Take the 2-minute tour ×
Stack Overflow is a question and answer site for professional and enthusiast programmers. It's 100% free, no registration required.

I have a 300 meg file that contains lines like these

[0] ppt: (non-cluster) 4294967295 1
timestamp: 1355333137
states: 680 [138(average 2752 0)][139(average 2802 0)][2253(average 2008 0)][2484(average 2321 0)][2578(average 2792 0)][2615(average 3518 0)]
[1] ppt: (non-cluster) 4294967295 1
timestamp: 1355333137
states: 676 [138(average 2761 0)][139(average 2777 0)][2253(average 2075 0)][2484(average 2318 0)][2578(average 2792 0)][2615(average 3522 0)]

I would appreciate suggestions on how to use Python to parse the file, produce list of dictionaries like ( 138: 2752, 139: 2802, 2253: 2008, 2484: 2321, 2578: 2792, 2615: 3518) ( 138: 2761, 139: 2777, 2253: 2075, 2482: 2318, 2578: 2793, 2615: 3522)

and store the list in a file.


share|improve this question

closed as not a real question by Lev Levitsky, Wooble, bensiu, evilone, ahsteele Dec 13 '12 at 6:09

It's difficult to tell what is being asked here. This question is ambiguous, vague, incomplete, overly broad, or rhetorical and cannot be reasonably answered in its current form. For help clarifying this question so that it can be reopened, visit the help center. If this question can be reworded to fit the rules in the help center, please edit the question.

What you show doesn't look like a list of dictionaries. Also, what have you tried? –  Lev Levitsky Dec 12 '12 at 19:19
Perhaps building a nested dictionary would make sense (i.e. a dict with IPs as keys and dicts of states as values. As for your question: 1) there are two approaches to parsing: using simple string methods (have a look at split) or using regular expressions. Please read the docs, choose one way and try to implement something. When you encounter a specific problem and post a question about it, it will have much lower chance of being downvoted than this one. Good luck! –  Lev Levitsky Dec 12 '12 at 20:03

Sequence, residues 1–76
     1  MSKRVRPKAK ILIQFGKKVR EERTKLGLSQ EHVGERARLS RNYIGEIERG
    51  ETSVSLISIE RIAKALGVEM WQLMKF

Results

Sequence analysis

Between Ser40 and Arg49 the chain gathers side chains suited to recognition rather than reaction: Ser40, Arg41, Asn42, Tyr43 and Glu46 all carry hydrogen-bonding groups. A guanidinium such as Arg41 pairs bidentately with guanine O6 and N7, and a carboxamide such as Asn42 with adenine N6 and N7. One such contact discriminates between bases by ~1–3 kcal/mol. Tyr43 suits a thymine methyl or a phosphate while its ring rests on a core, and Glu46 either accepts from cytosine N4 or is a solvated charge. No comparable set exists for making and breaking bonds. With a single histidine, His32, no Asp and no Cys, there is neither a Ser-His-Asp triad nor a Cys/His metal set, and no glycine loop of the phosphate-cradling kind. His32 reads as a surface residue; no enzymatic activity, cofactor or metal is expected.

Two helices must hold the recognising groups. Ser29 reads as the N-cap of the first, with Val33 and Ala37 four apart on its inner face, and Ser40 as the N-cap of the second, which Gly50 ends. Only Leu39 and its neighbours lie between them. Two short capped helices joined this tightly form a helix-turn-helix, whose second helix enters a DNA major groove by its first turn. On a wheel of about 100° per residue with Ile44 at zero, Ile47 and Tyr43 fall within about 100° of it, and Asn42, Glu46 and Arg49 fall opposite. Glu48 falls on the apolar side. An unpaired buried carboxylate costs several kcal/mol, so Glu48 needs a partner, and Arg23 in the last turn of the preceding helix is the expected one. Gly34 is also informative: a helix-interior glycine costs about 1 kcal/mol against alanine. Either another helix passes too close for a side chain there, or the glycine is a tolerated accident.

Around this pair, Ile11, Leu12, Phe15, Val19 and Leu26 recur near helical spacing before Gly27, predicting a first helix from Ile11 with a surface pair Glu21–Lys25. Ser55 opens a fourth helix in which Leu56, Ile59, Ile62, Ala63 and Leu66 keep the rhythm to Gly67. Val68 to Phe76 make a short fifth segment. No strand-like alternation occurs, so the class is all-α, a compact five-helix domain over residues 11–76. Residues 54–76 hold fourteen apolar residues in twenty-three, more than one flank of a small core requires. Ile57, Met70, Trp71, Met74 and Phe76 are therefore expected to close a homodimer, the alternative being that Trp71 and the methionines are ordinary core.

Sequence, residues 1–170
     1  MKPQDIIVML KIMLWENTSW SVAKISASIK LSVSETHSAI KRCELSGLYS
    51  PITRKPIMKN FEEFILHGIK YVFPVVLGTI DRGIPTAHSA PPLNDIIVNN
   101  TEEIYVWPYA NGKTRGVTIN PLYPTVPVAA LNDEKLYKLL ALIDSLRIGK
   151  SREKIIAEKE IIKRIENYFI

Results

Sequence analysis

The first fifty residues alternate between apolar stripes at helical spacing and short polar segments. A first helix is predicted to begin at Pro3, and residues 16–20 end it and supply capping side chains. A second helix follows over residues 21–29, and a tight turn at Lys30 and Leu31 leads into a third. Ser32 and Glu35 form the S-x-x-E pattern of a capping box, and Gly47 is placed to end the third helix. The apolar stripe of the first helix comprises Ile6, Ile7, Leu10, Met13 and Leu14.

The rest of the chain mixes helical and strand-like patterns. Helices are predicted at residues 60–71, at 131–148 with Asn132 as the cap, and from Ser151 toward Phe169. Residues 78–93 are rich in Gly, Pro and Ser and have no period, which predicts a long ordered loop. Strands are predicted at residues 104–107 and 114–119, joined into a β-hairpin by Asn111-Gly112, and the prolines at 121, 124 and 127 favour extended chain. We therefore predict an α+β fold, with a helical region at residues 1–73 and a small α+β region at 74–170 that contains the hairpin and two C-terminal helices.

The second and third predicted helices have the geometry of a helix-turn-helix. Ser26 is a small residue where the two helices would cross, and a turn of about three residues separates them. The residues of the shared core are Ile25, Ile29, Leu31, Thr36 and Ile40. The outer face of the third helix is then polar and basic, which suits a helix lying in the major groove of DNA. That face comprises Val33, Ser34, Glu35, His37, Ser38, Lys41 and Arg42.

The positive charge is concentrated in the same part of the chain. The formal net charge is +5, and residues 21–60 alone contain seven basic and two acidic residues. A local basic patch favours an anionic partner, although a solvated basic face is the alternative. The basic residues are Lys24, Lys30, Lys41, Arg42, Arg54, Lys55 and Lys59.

1 Answer 1

up vote 0 down vote accepted

This is not very elegant, but here you go:

import re

start_ln = re.compile(r'\[\d+\] ppt: \(.*?\) \d+ \d+ (?P<ivar>\d+\.\d+\.\d+\.\d+)')
tstamp_ln = re.compile(r'timestamp: \d+')
state_ln = re.compile(r'states: (?P<pcount>\d+) (?P<ggroup>(\[\d+\(average \d+ \d+\)\])+)')
group_p = re.compile(r'\[(?P<st>\d+)\(average (?P<avg>\d+) \d+\)\]')

f = open('pfile', 'r')

state = 'WAIT'
llist = []
ldict = {}
cvar = None

for ln in f:
    if state == 'WAIT':
        mtch = start_ln.match(ln)
        if mtch is not None:
            cvar = mtch.groupdict()['ivar']
            ldict = {}
            state = 'LINE#1'
    elif state == 'LINE#1':
        mtch = tstamp_ln.match(ln)
        if mtch is not None:
            state = 'LINE#2'
    elif state == 'LINE#2':
        mtch = state_ln.match(ln)
        if mtch is not None:
            groupline = mtch.groupdict()['ggroup']
            mtch2 = group_p.findall(groupline)
            ldict[cvar] = dict(mtch2)
            cvar = None
            state = 'WAIT'

for i in llist:
    print i

No error checking at all -- and the "state notation" is a bit superficial, but it should do the trick.

share|improve this answer

Not the answer you're looking for? Browse other questions tagged or ask your own question.